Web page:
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Relative efficacy of lasmiditan versus rimegepant and ubrogepant as acute treatments for migraine: network meta-analysis findings

Abstract

Background

In the absence of head-to-head trials, comprehensive evidence comparing onset of efficacy of novel agents for acute treatment of migraine is lacking. This study aimed to explore the relative efficacy of lasmiditan (serotonin [5-hydroxytryptamine] 1F receptor agonist) versus rimegepant and ubrogepant (calcitonin gene-related peptide antagonists) for the acute oral treatment of migraine through network meta-analysis (NMA).

Methods

Data included in the NMA were identified through a systematic literature search (conducted April 2018, updated May/December 2020) of phase II–IV, randomised controlled trials (RCTs) in adults with chronic/episodic migraine with/without aura. Treatments included: lasmiditan 50, 100, 200 mg; rimegepant 75 mg; ubrogepant 25, 50, 100 mg. Pairwise treatment comparisons from Bayesian fixed-effect/random-effects NMA, adjusted by baseline risk where appropriate, were conducted. Comparisons were reported as odds ratios with 95% credible intervals. Early-onset efficacy endpoints included: pain freedom at 2 hours and pain relief at 1 and 2 hours. Adverse drug reaction (ADR) profiles were summarised. Heterogeneity and inconsistency in the network were explored; sensitivity analyses investigated robustness of findings.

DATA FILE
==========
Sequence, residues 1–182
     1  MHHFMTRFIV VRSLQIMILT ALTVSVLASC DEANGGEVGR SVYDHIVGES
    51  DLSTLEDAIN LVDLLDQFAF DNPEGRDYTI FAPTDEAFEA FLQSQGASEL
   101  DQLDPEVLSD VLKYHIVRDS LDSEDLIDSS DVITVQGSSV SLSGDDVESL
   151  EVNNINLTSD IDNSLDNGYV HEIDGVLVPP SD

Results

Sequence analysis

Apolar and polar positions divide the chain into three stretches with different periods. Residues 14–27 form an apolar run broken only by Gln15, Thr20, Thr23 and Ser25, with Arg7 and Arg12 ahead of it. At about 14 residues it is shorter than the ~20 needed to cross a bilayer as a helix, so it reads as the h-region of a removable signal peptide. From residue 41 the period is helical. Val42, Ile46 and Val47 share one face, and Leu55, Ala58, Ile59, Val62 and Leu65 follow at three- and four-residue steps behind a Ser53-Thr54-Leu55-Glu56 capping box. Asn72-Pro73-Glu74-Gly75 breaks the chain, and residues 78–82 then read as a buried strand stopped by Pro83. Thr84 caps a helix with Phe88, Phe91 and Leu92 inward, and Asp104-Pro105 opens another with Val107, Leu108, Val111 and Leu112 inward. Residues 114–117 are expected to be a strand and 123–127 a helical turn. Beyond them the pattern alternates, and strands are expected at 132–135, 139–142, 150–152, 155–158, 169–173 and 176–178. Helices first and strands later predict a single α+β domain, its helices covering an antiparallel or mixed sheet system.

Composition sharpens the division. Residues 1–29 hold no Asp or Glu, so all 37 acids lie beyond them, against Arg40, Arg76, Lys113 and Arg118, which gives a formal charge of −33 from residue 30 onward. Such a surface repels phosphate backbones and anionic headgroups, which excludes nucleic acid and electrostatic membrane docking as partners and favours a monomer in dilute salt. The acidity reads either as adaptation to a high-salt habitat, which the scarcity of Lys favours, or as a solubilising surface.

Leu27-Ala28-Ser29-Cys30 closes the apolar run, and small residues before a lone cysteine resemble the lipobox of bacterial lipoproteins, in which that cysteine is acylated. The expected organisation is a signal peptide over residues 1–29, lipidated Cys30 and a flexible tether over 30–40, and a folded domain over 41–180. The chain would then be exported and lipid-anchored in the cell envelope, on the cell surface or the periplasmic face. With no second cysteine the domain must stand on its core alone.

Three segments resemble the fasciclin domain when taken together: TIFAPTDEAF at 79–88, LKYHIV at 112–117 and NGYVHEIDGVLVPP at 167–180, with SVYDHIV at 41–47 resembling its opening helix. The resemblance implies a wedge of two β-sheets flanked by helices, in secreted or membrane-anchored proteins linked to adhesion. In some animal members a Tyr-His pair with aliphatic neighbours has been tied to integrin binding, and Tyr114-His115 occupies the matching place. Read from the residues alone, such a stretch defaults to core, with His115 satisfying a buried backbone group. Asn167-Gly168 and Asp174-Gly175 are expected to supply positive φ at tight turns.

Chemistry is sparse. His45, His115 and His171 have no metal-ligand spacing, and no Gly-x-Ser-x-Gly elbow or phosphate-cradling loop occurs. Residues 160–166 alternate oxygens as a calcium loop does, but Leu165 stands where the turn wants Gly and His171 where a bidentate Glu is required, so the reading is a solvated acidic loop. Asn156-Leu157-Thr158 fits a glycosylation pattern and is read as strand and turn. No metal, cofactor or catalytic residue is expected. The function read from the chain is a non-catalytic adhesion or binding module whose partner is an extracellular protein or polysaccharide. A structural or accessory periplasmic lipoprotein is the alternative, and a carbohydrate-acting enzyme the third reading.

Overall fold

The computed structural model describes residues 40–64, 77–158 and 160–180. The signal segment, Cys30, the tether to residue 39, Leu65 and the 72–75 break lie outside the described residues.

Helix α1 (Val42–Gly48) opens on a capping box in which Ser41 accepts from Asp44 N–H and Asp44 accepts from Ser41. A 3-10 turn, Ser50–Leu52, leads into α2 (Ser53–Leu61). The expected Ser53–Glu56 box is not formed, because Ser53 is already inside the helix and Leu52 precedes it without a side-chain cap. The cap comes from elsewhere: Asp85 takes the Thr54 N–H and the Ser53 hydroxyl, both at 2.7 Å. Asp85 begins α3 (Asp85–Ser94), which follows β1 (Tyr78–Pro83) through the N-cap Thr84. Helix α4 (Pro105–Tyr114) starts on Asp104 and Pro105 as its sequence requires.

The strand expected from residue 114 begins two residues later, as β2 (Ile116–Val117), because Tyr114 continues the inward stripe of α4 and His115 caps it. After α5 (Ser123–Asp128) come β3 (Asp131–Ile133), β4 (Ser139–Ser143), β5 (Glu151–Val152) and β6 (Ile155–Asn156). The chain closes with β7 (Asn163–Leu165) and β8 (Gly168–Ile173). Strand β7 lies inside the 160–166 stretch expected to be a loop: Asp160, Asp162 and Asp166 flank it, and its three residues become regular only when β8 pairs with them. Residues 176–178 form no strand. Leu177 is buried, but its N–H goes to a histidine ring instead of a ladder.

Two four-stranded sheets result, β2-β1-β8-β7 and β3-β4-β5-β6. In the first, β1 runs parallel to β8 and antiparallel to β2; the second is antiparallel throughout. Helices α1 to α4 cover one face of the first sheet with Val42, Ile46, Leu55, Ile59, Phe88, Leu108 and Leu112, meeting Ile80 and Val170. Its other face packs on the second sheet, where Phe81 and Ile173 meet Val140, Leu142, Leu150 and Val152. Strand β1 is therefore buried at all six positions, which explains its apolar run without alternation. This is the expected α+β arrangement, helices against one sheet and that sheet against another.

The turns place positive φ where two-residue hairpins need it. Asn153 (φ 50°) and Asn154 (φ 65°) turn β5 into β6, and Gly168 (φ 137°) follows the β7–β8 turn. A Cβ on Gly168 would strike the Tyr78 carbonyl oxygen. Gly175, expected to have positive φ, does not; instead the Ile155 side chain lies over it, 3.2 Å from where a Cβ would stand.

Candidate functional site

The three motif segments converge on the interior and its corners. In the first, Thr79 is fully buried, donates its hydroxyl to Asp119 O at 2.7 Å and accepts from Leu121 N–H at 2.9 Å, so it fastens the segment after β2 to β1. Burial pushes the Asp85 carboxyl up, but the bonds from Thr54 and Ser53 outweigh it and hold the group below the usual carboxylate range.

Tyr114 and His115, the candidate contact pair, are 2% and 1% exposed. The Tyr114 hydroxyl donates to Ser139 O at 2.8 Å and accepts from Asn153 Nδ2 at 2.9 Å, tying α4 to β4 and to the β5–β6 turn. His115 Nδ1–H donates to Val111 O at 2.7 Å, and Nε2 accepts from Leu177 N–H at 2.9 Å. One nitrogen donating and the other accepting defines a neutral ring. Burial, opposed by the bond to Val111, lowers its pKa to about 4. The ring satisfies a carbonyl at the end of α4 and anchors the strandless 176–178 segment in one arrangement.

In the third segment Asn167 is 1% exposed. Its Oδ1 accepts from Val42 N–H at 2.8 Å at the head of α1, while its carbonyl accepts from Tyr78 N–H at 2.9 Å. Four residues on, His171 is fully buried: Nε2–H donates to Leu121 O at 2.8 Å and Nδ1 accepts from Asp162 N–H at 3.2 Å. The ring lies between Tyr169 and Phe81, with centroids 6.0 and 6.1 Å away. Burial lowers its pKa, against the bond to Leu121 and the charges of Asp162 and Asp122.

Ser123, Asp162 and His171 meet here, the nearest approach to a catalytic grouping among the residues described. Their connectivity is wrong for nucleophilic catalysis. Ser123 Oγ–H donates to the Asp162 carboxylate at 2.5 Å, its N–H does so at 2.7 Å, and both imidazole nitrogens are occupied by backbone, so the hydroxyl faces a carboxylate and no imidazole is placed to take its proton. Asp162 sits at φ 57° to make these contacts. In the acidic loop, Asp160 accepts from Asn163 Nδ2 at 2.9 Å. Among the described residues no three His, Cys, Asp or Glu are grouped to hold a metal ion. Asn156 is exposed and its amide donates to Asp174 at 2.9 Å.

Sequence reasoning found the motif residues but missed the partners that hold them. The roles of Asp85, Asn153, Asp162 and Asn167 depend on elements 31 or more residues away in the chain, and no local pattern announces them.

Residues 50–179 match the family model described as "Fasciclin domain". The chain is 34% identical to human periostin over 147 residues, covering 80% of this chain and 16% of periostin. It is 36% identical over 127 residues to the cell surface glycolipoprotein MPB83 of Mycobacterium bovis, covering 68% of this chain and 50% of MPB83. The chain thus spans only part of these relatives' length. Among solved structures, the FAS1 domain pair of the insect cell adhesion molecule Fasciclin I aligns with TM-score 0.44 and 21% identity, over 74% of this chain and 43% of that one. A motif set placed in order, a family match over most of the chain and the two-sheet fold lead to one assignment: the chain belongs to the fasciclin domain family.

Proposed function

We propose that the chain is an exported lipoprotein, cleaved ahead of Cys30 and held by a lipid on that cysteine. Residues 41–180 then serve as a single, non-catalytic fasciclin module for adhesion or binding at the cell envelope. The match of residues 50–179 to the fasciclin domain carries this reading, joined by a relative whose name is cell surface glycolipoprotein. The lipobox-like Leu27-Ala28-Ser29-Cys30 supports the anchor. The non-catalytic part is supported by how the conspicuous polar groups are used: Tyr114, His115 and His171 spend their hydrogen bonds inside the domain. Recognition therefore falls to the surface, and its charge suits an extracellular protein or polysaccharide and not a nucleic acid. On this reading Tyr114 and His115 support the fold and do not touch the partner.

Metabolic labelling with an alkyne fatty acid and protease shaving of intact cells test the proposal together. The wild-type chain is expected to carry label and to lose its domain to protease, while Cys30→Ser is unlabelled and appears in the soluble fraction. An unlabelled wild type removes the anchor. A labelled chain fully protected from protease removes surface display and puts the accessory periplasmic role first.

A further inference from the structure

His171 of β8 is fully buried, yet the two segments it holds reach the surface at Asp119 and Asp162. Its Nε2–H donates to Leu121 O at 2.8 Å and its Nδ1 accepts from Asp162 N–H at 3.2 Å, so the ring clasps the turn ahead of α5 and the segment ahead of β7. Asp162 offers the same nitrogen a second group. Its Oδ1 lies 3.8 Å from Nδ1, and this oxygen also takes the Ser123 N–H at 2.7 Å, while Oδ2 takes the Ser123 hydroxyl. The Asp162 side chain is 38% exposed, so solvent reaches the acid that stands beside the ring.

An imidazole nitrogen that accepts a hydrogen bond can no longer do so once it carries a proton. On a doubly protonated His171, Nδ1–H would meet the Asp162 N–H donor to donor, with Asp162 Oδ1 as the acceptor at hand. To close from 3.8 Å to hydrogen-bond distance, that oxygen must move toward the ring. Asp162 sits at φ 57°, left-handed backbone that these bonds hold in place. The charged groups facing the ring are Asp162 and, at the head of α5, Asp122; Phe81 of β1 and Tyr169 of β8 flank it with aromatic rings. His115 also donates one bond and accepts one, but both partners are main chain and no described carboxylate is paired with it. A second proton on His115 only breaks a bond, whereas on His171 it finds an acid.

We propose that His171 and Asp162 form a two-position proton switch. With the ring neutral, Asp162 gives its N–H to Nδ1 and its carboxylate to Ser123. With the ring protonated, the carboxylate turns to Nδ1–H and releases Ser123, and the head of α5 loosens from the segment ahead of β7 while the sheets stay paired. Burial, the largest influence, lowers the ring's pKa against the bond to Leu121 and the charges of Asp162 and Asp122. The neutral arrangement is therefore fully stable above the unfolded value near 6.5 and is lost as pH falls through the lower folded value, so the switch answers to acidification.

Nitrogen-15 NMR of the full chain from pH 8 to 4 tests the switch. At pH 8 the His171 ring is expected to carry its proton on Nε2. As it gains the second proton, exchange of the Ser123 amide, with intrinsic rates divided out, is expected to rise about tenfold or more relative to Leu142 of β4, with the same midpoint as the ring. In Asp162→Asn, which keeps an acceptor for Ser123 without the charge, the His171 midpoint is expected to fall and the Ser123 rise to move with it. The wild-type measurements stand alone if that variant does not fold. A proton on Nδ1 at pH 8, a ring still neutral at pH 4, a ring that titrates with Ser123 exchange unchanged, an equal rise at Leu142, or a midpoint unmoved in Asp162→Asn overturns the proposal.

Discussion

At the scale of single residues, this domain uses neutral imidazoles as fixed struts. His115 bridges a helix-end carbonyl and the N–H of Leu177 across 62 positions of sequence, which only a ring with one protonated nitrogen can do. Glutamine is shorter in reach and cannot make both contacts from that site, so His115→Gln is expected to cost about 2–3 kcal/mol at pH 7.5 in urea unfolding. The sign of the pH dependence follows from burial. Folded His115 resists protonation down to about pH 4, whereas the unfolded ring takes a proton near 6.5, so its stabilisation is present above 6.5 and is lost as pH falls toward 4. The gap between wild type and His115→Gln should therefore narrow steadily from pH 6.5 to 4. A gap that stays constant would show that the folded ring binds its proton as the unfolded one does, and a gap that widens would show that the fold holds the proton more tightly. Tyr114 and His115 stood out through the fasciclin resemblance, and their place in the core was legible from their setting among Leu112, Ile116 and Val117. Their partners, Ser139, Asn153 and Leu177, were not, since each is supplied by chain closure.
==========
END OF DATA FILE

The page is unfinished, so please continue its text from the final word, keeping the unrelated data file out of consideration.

Results